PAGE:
from The American Heritage® Dictionary of the English Language, 4th Edition
- adj. Arousing or meriting strong dislike, aversion, or intense displeasure. See Synonyms at hateful.
from Wiktionary, Creative Commons Attribution/Share-Alike License
- adj. Arousing or meriting strong dislike, aversion, or intense displeasure.
from the GNU version of the Collaborative International Dictionary of English
- adj. Hateful; deserving or receiving hatred.
- adj. Causing or provoking hatred, repugnance, or disgust; offensive; disagreeable; repulsive
from The Century Dictionary and Cyclopedia
- Hateful or deserving of hatred; offensive; disgusting; causing or exciting hatred, dislike, disgust, or repugnance; repulsive; disagreeable; unpleasant: as, an odious person; an odious sight or smell.
- Hated; regarded with aversion or repugnance; obnoxious.
from WordNet 3.0 Copyright 2006 by Princeton University. All rights reserved.
- adj. unequivocally detestable
I guess the reason why I don't think Hannity's behavior was particularly "odious" is because I see it all the time.
Falwell, on the other hand, fought for repugnant causes in odious ways.
Past membership in odious organizations may not be relevant in Judge Alito's case, but it cuts both ways, so the next time the Republicans remind the Democrats once again that Sen. Robert Byrd (D-WV) used to belong to the Ku Klux Klan (which he acknowledges and has apologized and made amends for time and time again), we can then point to Judge Alito's membership in CAP.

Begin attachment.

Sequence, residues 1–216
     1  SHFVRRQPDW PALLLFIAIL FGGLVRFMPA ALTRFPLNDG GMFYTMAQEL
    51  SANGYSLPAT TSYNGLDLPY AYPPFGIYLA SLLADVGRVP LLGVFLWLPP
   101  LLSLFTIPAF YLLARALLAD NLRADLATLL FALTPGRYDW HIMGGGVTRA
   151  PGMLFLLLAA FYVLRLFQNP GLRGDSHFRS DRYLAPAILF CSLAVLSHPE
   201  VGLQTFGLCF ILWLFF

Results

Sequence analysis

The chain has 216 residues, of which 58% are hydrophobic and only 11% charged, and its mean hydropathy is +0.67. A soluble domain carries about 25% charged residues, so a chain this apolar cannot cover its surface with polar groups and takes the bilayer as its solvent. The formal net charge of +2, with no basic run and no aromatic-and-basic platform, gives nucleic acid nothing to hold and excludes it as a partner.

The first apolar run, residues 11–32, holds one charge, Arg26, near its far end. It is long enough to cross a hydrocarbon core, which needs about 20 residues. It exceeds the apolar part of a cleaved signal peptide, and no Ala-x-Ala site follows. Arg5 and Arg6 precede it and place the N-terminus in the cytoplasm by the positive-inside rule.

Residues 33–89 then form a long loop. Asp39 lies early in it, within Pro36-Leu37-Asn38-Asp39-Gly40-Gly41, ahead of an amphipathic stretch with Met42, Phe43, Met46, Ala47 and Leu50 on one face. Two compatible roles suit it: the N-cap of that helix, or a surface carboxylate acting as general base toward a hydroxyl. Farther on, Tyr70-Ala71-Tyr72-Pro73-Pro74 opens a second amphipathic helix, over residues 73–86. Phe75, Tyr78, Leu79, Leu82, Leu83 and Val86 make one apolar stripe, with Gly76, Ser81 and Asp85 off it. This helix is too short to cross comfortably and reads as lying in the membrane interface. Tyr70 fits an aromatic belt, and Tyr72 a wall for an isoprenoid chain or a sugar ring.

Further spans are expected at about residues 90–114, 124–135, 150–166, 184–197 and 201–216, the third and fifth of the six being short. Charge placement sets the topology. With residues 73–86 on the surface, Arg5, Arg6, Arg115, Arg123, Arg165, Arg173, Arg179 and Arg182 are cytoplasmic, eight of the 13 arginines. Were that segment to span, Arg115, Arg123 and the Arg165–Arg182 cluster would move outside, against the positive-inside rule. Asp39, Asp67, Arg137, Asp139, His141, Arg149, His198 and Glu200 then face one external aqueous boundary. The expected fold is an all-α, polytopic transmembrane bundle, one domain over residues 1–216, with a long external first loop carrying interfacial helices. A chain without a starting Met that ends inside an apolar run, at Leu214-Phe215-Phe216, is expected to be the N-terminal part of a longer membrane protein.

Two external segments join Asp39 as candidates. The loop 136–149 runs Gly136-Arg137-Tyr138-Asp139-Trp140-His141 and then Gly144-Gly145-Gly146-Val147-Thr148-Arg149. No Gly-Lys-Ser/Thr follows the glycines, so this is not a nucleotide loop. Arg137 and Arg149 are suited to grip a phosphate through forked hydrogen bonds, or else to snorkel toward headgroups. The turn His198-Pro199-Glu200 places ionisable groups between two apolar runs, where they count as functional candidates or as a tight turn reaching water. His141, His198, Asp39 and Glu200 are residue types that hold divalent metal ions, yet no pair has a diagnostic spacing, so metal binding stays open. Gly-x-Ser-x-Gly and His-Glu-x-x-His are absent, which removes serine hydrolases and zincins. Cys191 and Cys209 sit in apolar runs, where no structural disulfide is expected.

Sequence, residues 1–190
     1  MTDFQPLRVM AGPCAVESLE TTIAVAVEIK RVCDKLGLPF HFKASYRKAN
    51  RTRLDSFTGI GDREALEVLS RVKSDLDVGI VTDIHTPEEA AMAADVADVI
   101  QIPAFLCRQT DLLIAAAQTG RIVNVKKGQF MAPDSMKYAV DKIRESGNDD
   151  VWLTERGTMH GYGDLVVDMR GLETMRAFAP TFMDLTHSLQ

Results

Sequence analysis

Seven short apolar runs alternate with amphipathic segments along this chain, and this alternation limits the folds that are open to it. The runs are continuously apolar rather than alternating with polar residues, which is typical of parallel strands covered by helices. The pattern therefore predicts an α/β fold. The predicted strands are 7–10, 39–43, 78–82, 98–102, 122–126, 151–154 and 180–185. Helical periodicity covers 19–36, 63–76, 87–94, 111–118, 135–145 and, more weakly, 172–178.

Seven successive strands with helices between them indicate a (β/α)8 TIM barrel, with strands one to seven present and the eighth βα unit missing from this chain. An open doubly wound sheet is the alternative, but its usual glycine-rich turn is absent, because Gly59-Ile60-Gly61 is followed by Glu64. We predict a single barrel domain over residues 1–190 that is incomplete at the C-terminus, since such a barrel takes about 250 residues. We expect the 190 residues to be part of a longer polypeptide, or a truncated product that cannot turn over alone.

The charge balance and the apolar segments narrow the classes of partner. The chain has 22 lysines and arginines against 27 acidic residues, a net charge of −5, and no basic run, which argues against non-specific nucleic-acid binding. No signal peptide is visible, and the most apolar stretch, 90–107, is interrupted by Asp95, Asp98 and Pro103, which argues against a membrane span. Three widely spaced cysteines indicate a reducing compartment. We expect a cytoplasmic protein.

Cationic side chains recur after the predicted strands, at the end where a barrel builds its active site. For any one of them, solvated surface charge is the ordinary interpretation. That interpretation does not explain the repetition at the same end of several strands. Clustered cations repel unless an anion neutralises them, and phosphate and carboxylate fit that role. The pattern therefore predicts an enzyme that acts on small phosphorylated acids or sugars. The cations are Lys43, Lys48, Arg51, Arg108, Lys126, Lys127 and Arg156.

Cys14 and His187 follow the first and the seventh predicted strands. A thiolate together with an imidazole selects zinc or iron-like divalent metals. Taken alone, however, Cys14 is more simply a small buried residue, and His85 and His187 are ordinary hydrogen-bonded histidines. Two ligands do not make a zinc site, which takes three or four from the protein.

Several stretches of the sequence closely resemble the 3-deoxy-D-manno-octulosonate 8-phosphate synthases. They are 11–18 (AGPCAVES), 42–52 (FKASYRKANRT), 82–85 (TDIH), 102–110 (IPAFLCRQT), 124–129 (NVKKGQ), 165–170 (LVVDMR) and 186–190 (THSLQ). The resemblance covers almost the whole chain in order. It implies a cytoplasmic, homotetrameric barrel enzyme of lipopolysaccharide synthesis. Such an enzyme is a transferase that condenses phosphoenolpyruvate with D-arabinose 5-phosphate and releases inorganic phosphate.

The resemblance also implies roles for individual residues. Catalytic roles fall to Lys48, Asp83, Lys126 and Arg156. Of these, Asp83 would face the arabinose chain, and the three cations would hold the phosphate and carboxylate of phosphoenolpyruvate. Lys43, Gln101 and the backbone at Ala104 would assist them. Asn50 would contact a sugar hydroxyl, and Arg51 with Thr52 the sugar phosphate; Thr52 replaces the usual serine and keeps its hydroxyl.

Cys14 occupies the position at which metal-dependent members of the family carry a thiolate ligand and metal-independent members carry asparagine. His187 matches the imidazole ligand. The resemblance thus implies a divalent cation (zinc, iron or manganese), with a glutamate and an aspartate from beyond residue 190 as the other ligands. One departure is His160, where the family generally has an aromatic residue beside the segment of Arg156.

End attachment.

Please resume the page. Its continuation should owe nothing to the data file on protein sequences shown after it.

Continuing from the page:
"I use the word odious because the debt was largely incurred by the last government which did not represent us," Meer said.
The King was accused of sympathy with the Protestant cause, which made his name odious to the Catholic University of Paris.
The discourse abounds with just observation, applicable to all ranks of men; and, if properly attended to by that infatuated emperor, might have prevented the perpetration of those acts of cruelty, which, with his other extravagancies, have rendered his name odious to posterity.
They could talk, and malign me, and tell lies as to dates, and strive to make my name odious in the county; but they knew that the will was good.
Others were tories, and adherents to the old kingly rule; some of whom took refuge within the British lines, joined the royal bands of refugees, a name odious to the American ear, and occasionally returned to harass their ancient neighbors.
Call it grievous, call it odious, that we may by all means possible put ourselves and others out of love with it.
Untamed by disgrace, and hardened by solitude, the shepherd was again odious to the flock, and his enemies contrived a singular, and as it proved, a successful, mode of revenge.